Rare earth elements are used in many alternative energy, lifestyle, and defense applications. Alternative energy systems such as wind power generation, fuel cells, hydrogen storage, rechargeable batteries, and the permanent magnets used in electric and hybrid-electric vehicles all rely on rare earths. REEs are used as phosphors in many consumer displays and lighting systems, and are used in fluid cracking catalysts and catalytic converters in the oil and automotive industries. REEs are also vital for many defense technologies, including precision guided munitions, targeting lasers, communications systems, airframes and aerospace engines, radar systems, optical equipment, sonar, and electronic countermeasures.
The supply of rare earths is dominated by China, which provides 92-97% of the world’s production. However, China only has 48% of the world’s known reserves of rare earths, according to the USGS Mineral Commodity Summaries Due to growing internal demand, industry consolidation and stricter internal environmental regulations, China has imposed export quotas on rare earths. This creates two separate rare earth markets, one internal Chinese market and one for the Rest of the World (ROW). The Chinese export quota amount therefore defines the majority of REE supply for the ROW, and therefore its pricing. The development of Chinese dominance can be seen on this old chart:
Industry experts are trying to forecast the REE supply and demand figures, but this is not easy, as each rare earth element has different end uses and applications, and is produced in different quantities. This means that certain rare earths, including Neodymium, Europium, Terbium, Dysprosium, and Erbium are and will be in a supply deficit, while more abundant rare earths such as Lanthanum and Cerium will be in surplus.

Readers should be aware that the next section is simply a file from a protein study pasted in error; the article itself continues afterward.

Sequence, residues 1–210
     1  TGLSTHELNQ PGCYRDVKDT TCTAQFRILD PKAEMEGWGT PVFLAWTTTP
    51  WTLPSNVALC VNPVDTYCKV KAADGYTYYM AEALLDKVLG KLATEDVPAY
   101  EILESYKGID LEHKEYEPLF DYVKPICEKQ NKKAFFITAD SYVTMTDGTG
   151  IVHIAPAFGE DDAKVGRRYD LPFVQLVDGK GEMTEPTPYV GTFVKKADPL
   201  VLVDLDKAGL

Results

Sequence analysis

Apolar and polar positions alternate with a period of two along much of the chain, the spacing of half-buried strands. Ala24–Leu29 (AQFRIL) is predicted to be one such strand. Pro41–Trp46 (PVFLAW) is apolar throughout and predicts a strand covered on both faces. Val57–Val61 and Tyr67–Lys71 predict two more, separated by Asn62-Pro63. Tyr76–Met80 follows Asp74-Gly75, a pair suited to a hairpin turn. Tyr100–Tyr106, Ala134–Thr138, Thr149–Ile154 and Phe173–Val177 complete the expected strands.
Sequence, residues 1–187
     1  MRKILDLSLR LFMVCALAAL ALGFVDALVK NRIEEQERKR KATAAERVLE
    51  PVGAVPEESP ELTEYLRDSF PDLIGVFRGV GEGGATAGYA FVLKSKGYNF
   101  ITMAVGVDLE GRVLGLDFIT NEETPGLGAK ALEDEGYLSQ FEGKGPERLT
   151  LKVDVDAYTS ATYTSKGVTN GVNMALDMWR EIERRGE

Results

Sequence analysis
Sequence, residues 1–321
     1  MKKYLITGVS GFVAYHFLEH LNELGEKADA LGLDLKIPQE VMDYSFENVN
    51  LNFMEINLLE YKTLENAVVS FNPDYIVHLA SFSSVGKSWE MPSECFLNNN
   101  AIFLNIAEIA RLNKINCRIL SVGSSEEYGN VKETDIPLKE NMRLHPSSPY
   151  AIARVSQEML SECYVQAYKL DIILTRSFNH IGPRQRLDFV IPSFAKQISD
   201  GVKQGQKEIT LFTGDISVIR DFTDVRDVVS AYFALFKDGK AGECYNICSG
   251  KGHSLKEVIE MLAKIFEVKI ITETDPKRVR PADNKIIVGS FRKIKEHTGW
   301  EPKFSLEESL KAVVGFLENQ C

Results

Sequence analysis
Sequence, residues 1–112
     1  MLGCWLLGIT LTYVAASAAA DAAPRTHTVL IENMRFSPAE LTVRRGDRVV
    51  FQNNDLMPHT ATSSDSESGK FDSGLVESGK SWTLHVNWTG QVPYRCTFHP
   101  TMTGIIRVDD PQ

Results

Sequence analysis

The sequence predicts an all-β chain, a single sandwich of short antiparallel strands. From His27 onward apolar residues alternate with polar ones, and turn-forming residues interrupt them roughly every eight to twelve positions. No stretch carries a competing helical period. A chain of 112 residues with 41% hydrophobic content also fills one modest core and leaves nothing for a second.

Personally I think this chart is too positive, as China and the world economy as a whole are slowing down. However, China turning into a more consumer driven economy (as is the intention of national government at least) could mostly neutralize this slow down regarding REEs.
Western LREE production isn’t on schedule and progressing as planned, especially since Molycorp has gone bankrupt in 2015. Furthermore China is regulating its production at the moment as it adjusts or closes illegal REE mining operations. Therefore, my personal assumption is a more moderate growth in demand, and a moderate growth in supply as well.
Nevertheless, the dominance of China in the sector is overwhelming, and this already caused supply problems in the recent past for the rest of the world. This dependence is further reinforced by the current lack of rare earth production infrastructure and processing knowledge in the rest of the world. Also, because each rare earth deposit is unique and contains the various REEs in different proportions, individual elements are produced in different quantities. Besides this, end users require tailor-made rare earth oxides and other related products, therefore limiting flexibility for producers to stockpile or sell to random off takers.
Some rare earths are likely to stay in short supply even though the total supply is forecast to exceed total demand by 2015. The US Department of Energy has identified 5 critical elements that are at a serious supply risk over the next 15 years: Dysprosium (Dy), Terbium (Tb), Neodymium (Nd), Europium (Eu) and Yttrium (Y).
Most of these critical elements are part of the so-called “heavy rare earth elements” or HREEs as they have a bigger mass. These heavy rare earths (HREEs) are much more expensive compared to the most common light rare earths (LREEs) Cerium and Lanthanum: